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Chris Kaasmann Helps Drive Samsung’s Sustainability Efforts

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With a career in the waste and recycling industry that began in 2009 as the recycling manager for Montgomery County, Pa., Chris Kaasmann, has grown from his initial role of providing recycling education and technical assistance to the county’s more than 800,000 residents and 62 municipalities.

Now the product stewardship manager for Samsung Electronics America Inc., Kaasmann is responsible for managing the company’s take-back and regulatory requirements for electronic waste, batteries and packaging in the U.S.

This also involves interfacing with state government, recyclers, auditors, industry trade associations, and consumers to ensure 100% compliance, while also helping to shape the way the industry moves forward in proactively and efficiently addressing matters associated with end-of-life electronics, batteries, and packaging.

As part of my role, I hold positions on the e-Stewards Leadership Council, Washington Materials Management Financing Authority (WMMFA), and Electronics Recycling Representative Organization (ERRO). These roles ensure Samsung leads in driving e-waste policy and programming throughout the U.S.,” says Kaasmann.

As a 2020 Waste360 40 Under 40 Award winner, Kaasmann sat down with us to discuss how he is driving Samsung’s sustainability efforts.

Waste360: How are you managing the environmental impacts of Samsung’s products?

Kaasmann: At Samsung, we are committed to innovating and designing energy-efficient products while minimizing our environmental impact. By incorporating sustainability into our day-to-day business and operations and advancing towards a circular economy, we are not only reducing Samsung’s environmental impact, but also helping consumers reduce theirs.

Waste360: What efforts have you made towards sustainability for Samsung?

Kaasmann: I’ve been involved with initiating a couple of programs since I joined Samsung in April of 2018. The first is the implementation of GPS trackers in scrap electronic devices through the EarthEye program run by the Basel Action Network. This program ensures scrap electronics follow the intended downstream flows as communicated by our network of recyclers. It also gives further assurance to consumers that Samsung is going above and beyond to make sure electronics recycling is done correctly.

Additionally, I was able to work with e-Stewards certified recycler, Wisetek, to implement the first of its kind “Representative Organization” in Washington, D.C. This program expanded electronics collection and convenience to all residents within the District’s eight wards.

Waste360: What goals do you have for Samsung regarding the lifecycle of its products?

Kaasmann: Samsung’s product stewardship mission is to minimize our environmental impact throughout the entire life cycle – from the early stages of product design and material sourcing to use and upcycling (e.g., repair, reuse, take-back and recycling). I’m part of an internal team spearheading a number of projects to help move this vision forward so that Samsung is recognized for its sustainability efforts.

Waste360: What impact have you made on the environment?

Kaasmann: Samsung collects and recycles approximately 100 million pounds of e-waste per year in the U.S. And, in 2019, Samsung achieved our target to collect more than one billion pounds of electronics in the U.S. in total since 2008.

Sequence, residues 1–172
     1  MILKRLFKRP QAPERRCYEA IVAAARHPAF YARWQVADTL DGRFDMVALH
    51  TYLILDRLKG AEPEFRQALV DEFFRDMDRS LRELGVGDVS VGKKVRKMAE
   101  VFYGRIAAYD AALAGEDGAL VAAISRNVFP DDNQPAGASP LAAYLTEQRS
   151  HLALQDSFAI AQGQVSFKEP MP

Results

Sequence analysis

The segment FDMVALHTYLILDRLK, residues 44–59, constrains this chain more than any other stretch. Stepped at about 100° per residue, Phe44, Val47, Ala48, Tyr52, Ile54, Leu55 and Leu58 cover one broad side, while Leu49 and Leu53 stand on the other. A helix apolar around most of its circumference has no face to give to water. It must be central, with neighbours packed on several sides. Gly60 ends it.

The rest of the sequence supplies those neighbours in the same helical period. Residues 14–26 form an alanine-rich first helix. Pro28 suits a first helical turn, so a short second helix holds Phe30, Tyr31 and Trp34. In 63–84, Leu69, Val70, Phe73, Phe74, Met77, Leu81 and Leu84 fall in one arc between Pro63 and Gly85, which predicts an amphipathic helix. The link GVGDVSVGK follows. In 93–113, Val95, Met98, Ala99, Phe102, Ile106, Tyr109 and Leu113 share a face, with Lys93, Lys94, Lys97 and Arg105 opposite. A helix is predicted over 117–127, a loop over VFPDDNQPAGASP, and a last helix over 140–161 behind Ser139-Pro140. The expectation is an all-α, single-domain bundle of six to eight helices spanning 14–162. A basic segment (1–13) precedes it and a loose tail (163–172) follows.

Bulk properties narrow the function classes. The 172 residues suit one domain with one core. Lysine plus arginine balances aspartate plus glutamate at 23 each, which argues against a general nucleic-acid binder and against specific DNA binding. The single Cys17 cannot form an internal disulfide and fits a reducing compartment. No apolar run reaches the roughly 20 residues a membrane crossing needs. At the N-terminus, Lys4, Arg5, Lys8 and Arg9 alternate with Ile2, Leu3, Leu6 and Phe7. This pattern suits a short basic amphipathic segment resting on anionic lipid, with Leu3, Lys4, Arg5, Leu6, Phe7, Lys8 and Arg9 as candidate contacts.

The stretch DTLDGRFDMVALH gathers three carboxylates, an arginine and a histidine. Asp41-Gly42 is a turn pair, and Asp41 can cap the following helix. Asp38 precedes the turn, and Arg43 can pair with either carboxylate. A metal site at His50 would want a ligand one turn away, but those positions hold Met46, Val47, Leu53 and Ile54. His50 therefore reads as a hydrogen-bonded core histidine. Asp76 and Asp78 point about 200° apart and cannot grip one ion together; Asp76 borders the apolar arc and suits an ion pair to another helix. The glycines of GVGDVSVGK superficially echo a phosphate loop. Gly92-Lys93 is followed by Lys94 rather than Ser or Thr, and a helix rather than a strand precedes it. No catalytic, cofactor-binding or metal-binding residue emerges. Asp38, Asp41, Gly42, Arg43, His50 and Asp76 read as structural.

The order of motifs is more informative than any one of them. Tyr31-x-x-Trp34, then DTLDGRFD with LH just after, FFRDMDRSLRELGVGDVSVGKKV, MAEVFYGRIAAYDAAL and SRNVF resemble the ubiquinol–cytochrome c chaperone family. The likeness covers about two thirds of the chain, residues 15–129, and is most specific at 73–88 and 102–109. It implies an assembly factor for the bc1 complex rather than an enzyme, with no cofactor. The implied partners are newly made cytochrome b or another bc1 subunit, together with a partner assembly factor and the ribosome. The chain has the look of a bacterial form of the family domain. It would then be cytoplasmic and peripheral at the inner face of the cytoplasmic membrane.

Waste360: What is your leadership style?

Kaasmann: I believe that leaders set the pace by their expectations and example. As such, I prefer to set firm and clear expectations, while providing my colleagues and vendors the trust, time, and environment to get the job done.

Waste360: What professional accomplishment are you most proud of?

Kaasmann: My proudest recognition to date is the 2020 Waste360 40-Under-40 award. I’ve spent the majority of my professional career working to help consumers, the tech industry, and the government make the right decisions regarding their unwanted, leftover, scrap, and waste products. I hope that my actions can inspire others to do more to protect our planet and I’m proud that Samsung allows me to do so and shares my vision for creating a more sustainable future.

Waste360: What are some of the latest initiatives from Samsung?

Kaasmann: Since my focus at Samsung lies in three areas, e-waste, battery, and packaging recycling, I figured I would add some related circular economy-driven goals and initiatives:

  • E-waste: Globally, through 2018, we collected approximately six billion pounds of electronics and recycled the material. Samsung is now on track to collect and recycle approximately eight billion pounds of electronics globally by the end of this year, and we are aiming to collect and recycle 15 billion pounds of electronics globally by 2030.
  • Battery: For more than 20 years, Samsung has partnered with Call2Recycle to fund battery recycling throughout the U.S. and Canada. This partnership enables Samsung customers access to 20,000 public collection sites where used batteries can be dropped off for recovery and recycling of battery materials in compliance with state and national regulations.
  • Packaging: This year, we’ve had some fun with packaging, including the introduction of our new Eco-Packaging in March 2020. It’s a new kind of product packaging that facilitates the upcycling of the boxes that come with our global lifestyle TV models, The Frame, The Serif and The Sero. The special cardboard boxes are designed to reduce waste by providing customers with a way to upcycle and repurpose TV packaging into new household items.
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